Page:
Saint's Progress eBook

This eBook from the Gutenberg Project consists of approximately 279 pages of information about Saint's Progress.
window was wide open.  Anything to break this heavy stupor, which was not only George’s, but her own, and the very world’s!  The cruelty of it—­when she might be going to lose him for ever, in a few hours or days!  She thought of their last parting.  It had not been very loving, had come too soon after one of those arguments they were inclined to have, in which they could not as yet disagree with suavity.  George had said there was no future life for the individual; she had maintained there was.  They had grown hot and impatient.  Even in the cab on the way to his train they had pursued the wretched discussion, and the last kiss had been from lips on lips yet warm from disagreement.

Ever since, as if in compunction, she had been wavering towards his point of view; and now, when he was perhaps to solve the problem—­find out for certain—­she had come to feel that if he died, she would never see him after.  It was cruel that such a blight should have come on her belief at this, of all moments.

She laid her hand on his.  It was warm, felt strong, although so motionless and helpless.  George was so vigorous, so alive, and strong-willed; it seemed impossible that life might be going to play him false.  She recalled the unflinching look of his steel-bright eyes, his deep, queerly vibrating voice, which had no trace of self-consciousness or pretence.  She slipped her hand on to his heart, and began very slowly, gently rubbing it.  He, as doctor, and she, as nurse, had both seen so much of death these last two years!  Yet it seemed suddenly as if she had never seen death, and that the young faces she had seen, empty and white, in the hospital wards, had just been a show.  Death would appear to her for the first time, if this face which she loved were to be drained for ever of light and colour and movement and meaning.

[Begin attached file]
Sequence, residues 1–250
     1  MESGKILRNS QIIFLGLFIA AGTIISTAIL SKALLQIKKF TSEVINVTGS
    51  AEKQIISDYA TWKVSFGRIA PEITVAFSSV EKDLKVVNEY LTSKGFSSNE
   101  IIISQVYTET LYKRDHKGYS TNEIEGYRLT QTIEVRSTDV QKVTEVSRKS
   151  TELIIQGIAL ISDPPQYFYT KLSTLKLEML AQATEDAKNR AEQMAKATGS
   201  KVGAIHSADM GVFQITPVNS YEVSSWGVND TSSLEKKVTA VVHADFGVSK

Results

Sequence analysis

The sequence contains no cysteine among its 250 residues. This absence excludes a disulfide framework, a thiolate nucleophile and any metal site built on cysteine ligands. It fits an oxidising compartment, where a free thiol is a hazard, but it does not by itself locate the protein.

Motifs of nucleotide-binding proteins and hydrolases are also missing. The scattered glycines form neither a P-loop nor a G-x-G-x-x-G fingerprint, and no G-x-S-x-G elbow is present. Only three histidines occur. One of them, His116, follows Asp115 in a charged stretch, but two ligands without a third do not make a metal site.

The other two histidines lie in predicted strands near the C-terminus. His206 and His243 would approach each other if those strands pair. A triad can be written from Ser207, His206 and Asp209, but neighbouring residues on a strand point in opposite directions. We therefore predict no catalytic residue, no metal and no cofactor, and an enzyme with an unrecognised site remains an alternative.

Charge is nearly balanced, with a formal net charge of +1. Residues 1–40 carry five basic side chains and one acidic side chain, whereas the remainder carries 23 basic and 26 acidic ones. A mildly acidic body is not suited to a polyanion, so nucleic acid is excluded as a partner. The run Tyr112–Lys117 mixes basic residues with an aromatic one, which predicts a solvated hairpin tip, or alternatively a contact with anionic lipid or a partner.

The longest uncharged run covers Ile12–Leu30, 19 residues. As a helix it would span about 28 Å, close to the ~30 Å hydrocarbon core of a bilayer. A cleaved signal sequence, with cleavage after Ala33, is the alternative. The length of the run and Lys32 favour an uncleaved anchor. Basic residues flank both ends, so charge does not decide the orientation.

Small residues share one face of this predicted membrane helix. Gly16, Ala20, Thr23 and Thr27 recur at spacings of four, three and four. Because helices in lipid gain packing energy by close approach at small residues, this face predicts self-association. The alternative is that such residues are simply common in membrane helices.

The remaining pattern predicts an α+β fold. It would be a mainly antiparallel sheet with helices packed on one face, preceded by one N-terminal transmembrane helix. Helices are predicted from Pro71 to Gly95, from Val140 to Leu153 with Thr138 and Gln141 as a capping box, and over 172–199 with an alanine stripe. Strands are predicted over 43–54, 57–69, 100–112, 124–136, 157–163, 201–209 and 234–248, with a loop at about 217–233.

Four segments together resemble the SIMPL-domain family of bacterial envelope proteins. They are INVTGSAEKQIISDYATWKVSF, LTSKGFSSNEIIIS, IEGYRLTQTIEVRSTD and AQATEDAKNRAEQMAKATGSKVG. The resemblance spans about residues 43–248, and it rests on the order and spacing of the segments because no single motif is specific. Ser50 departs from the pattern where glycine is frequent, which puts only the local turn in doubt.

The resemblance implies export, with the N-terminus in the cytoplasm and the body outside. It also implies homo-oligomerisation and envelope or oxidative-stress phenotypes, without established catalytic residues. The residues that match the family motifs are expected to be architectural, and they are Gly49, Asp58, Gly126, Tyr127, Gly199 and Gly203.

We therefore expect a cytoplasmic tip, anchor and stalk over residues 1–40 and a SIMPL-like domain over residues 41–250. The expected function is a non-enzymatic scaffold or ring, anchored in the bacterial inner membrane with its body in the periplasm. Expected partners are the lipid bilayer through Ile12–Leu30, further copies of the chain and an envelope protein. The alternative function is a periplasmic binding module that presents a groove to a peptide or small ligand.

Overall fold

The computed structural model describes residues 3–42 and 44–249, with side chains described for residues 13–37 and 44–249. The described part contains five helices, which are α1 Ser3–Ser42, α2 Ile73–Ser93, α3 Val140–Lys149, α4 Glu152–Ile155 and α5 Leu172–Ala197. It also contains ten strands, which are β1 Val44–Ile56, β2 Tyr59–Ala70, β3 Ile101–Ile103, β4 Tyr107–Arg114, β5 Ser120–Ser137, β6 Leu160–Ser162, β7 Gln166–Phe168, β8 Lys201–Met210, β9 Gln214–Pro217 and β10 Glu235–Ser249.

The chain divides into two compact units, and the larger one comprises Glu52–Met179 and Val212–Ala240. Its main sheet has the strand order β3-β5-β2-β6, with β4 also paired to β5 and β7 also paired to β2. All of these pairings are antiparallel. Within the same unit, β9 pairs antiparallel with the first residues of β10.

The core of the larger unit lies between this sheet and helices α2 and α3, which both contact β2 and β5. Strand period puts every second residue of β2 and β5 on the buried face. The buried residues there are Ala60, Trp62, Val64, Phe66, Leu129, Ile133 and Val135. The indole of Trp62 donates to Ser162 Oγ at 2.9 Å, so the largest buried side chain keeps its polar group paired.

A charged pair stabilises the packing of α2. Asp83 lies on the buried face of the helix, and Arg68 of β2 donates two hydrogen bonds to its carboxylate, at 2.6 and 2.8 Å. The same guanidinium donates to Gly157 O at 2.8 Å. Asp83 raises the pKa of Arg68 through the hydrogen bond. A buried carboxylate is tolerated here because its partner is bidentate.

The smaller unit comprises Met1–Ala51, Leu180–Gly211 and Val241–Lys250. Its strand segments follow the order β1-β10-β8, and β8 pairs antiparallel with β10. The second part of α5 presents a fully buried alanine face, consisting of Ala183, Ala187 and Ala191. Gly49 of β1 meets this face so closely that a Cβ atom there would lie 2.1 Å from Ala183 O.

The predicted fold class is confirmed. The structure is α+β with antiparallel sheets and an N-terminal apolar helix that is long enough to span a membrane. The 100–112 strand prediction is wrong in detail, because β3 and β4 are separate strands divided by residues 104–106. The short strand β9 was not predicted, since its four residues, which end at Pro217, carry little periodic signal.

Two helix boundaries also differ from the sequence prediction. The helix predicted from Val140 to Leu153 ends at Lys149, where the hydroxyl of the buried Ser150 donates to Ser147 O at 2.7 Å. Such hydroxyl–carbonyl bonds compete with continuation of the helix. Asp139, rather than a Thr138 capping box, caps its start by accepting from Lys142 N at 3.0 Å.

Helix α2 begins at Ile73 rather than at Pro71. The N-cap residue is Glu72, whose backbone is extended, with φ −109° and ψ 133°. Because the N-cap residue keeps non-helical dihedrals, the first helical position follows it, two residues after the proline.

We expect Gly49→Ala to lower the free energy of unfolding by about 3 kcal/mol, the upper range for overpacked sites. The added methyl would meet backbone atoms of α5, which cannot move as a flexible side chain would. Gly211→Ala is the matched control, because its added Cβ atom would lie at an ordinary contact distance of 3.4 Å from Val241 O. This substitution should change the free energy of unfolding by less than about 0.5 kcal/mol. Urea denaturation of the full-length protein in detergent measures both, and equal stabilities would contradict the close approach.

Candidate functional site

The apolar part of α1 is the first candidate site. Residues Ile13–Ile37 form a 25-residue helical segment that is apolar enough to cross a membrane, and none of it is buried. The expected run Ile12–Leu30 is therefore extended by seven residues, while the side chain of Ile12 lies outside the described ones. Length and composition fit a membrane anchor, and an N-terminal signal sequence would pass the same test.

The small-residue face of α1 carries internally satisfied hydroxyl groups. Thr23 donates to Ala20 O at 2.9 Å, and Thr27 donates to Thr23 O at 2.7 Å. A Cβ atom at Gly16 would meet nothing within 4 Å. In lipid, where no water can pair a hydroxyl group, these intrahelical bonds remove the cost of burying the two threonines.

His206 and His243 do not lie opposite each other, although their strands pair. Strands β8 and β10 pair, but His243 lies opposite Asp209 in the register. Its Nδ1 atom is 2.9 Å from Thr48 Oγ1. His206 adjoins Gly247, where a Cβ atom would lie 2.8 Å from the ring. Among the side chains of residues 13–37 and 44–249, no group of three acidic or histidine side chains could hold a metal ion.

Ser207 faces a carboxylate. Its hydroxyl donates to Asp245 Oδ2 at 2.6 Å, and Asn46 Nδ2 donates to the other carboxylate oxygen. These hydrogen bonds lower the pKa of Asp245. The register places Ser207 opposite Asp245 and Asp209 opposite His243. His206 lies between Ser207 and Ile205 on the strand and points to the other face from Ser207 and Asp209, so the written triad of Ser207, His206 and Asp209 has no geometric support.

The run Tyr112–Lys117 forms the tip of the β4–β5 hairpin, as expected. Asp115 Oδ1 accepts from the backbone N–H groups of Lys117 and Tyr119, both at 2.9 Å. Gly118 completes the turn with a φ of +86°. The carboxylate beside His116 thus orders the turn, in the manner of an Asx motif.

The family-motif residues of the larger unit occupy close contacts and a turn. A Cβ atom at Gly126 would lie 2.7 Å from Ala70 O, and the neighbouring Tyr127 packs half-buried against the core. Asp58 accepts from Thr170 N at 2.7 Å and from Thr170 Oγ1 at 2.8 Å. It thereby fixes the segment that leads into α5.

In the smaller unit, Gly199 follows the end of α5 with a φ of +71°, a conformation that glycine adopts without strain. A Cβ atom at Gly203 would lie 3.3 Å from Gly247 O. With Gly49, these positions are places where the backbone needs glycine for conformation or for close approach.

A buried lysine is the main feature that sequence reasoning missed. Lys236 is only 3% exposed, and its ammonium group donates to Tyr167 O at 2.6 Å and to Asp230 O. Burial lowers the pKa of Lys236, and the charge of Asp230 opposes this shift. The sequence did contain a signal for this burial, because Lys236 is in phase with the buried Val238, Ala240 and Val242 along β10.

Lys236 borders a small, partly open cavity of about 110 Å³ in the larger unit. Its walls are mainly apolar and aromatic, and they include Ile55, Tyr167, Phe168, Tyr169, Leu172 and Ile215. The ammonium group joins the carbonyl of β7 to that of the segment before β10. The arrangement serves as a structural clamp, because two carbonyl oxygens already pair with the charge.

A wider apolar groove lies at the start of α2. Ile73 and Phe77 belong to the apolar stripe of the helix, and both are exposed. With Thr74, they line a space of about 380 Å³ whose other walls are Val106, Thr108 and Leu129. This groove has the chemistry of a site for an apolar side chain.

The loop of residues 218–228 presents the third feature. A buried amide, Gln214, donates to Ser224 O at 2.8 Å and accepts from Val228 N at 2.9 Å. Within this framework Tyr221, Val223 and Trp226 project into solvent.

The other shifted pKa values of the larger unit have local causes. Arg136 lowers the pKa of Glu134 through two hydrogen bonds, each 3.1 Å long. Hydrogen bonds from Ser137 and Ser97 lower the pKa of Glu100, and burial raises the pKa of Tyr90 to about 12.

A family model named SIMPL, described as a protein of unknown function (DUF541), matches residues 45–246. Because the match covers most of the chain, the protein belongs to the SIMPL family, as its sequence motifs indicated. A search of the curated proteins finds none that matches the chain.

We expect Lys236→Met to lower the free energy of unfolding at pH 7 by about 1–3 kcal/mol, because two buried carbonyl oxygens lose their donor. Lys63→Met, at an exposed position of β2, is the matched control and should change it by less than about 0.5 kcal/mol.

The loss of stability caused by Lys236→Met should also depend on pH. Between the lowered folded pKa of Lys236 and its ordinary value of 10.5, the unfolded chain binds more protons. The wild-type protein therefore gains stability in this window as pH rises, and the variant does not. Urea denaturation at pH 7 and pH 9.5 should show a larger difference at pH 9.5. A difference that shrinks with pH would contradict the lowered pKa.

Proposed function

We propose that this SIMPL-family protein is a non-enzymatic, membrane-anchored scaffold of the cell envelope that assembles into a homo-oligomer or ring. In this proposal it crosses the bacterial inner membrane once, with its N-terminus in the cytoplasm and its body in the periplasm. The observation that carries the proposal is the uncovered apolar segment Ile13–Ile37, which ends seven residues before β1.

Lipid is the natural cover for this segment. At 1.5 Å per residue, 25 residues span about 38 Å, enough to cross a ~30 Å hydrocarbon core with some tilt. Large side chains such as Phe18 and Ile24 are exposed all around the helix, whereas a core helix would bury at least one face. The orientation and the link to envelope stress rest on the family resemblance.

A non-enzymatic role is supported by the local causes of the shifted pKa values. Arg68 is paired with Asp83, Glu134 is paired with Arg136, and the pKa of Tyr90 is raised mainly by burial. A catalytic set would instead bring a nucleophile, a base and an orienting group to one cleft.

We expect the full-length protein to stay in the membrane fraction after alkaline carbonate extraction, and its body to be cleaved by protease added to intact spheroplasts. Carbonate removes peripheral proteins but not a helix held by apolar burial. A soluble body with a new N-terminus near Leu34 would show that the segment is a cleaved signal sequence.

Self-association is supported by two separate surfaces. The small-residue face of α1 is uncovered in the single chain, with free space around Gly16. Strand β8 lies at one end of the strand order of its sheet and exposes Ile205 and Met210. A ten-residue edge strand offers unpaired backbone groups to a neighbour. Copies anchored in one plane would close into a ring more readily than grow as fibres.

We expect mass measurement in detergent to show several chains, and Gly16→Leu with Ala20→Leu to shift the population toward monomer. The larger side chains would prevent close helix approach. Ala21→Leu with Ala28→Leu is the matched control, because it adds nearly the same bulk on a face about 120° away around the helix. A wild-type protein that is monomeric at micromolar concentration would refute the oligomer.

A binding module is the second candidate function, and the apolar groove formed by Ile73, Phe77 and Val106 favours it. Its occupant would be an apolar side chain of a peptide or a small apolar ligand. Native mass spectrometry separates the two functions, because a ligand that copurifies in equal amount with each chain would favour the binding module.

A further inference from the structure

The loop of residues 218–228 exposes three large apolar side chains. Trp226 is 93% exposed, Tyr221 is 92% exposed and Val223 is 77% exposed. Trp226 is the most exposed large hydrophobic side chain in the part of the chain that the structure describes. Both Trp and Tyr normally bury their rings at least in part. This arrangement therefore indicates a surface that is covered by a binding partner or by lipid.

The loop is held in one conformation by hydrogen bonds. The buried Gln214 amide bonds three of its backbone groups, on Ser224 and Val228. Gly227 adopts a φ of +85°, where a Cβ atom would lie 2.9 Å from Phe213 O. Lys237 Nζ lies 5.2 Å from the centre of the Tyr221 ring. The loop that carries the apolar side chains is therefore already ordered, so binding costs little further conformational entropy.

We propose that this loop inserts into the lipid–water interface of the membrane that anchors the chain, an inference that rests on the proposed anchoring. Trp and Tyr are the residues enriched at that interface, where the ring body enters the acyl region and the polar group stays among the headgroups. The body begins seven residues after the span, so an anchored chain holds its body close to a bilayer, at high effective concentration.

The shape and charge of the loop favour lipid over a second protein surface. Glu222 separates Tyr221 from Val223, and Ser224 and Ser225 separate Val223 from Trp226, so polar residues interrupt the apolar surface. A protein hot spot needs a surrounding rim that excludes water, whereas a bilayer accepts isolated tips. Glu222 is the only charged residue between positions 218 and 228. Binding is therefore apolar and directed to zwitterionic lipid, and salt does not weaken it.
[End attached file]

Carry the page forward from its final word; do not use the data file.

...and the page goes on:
A humblebee from the Square Garden boomed in and buzzed idly round the room.  She caught her breath in a little sob....

2

Pierson received that telegram at midday, returning from a lonely walk after his talk with Thirza.  Coming from Gratian so self-reliant—­it meant the worst.  He prepared at once to catch the next train.  Noel was out, no one knew where:  so with a sick feeling he wrote:  “Dearest child,

“I am going up to Gratian; poor George is desperately ill.  If it goes badly you should be with your sister.  I will wire to-morrow morning early.  I leave you in your aunt’s hands, my dear.  Be reasonable and patient.  God bless you.

“Your devoted
Daddy.”

He was alone in his third-class compartment, and, leaning forward, watched the ruined Abbey across the river till it was out of sight.  Those old monks had lived in an age surely not so sad as this.  They must have had peaceful lives, remote down here, in days when the Church was great and lovely, and men laid down their lives for their belief in her, and built everlasting fanes to the glory of God!  What a change to this age of rush and hurry, of science, trade, material profit, and this terrible war!  He tried to read his paper, but it was full of horrors and hate.  ‘When will it end?’ he thought.  And the train with its rhythmic jolting seemed grinding out the answer:  “Never—­never!”

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Saint's Progress from Project Gutenberg. Public domain.
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